Winning will do wonders for your disposition. If you don’t believe it, just ask Jack Roush.

Roush had a big weekend at Phoenix International Raceway, with Roush Fenway Racing driver Carl Edwards winning both the NASCAR Nationwide and Sprint Cup Series races at PIR, and teammate Greg Biffle earning his second consecutive top-five finish in the Kobalt Tools 500 Cup race.

Those performances put a huge smile on the face of Roush, a man who has endured a challenging 2010 season on many levels. At the start of the year, Roush’s Fords didn’t have the speed of the front-running Chevrolets and Toyotas, a condition Roush ascribed to inferior computer simulation technology: His software maker wasn’t as good as the software makers used by his competition.

Toward mid-season, the Roush Fords found speed, in large part because they started running front-end suspension packages developed by fellow Ford team Richard Petty Motorsports. But in sort of a cruel twist of irony, RPM ran into big money problems and reportedly owes Roush Fenway as much as $10 million for the cars it builds for RPM and the engines it provides through affiliate Roush Yates Engines.

Roush had a huge personal challenge, too, surviving a mid-summer crash landing of his airplane in Oshkosh, Wis., a crash which cost him one eye and a broken back.

Given the backdrop to his season, no wonder Roush was all smiles after Edwards won on Sunday at Phoenix.

Asked what the victory meant to him, Roush chuckled just a little.

“The first thought that occurs to me is ‘too late smart,’” he said. “We didn't realize we needed to build something that — we thought we finished last year with sufficient momentum to be able to get into this year and do what we needed to do. Early on we figured out the things we tried to predict didn't work and some of the things we tried to simulate didn't work out as well as they needed to.”

Roush said the team needed to integrate Ford’s new FR9 engine, as well as make other changes to make the team’s cars competitive.

“We were waiting for our FR9 engine,” Roush said. “We needed a little more work on the aero side of our car. Throughout the year, the engineers worked hard on the aero piece. We had a problem with vibration. We still had that bothering us last weekend with Greg Biffle's car. We had two weekends of testing on an independent race track to evaluate that. We think we have a handle on the vibrations.”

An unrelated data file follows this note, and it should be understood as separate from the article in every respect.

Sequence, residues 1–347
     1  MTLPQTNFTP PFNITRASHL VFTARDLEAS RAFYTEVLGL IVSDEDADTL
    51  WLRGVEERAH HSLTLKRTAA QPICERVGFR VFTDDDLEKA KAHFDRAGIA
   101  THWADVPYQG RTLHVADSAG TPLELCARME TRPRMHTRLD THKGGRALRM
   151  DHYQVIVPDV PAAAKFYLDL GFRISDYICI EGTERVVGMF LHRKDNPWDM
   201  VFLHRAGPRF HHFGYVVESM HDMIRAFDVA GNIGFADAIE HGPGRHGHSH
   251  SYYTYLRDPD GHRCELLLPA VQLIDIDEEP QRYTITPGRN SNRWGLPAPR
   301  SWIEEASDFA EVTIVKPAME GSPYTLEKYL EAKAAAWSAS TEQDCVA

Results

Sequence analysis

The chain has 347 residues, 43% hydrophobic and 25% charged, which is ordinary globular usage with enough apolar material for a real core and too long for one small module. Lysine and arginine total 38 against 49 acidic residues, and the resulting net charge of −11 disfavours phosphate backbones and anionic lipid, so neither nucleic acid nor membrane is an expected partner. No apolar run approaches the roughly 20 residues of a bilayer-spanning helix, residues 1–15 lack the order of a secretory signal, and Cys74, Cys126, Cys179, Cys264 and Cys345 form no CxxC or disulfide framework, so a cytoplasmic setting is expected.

A week before Phoenix, Matt Kenseth finished second at Texas Motor Speedway and Biffle led the most laps before a transmission problem dropped him to fifth. Clearly, with the team running as well as it is — Edwards is up to fourth in points and Kenseth fifth — Roush is ready to keep racing.

“We wish the year would not end,” he said after Sunday’s race at PIR. “Certainly I feel like all the sponsors will enjoy the moment. AFLAC certainly will. Carl's sponsors and Roush Fenway sponsors will bask in the light of this, the glory of this moment. We're off to Homestead with the opportunity to win another Nationwide race and a Cup race.”

One thing you won’t see Roush doing anytime soon: Jumping into the stands after a race victory like Edwards did when he won the Texas Nationwide race and Phoenix Cup race.

“I'm not sure people like me as well as they do you,” Roush told Edwards Sunday night. “I've got a spotted past, so I'm not sure how it would work out for me.”

Tom Jensen is the Editor in Chief of SPEED.com, Senior NASCAR Editor at RACER and a contributing Editor for TruckSeries.com. You can follow him online at twitter.com/tomjensen100 and e-mail him at Jensen is the author of “Cheating: The Bad Things Good NASCAR Nextel Cup Racers Do In Pursuit of Speed,” and has appeared on numerous television and radio shows. Jensen is the past President of the National Motorsports Press Association and an NMPA Writer of the Year.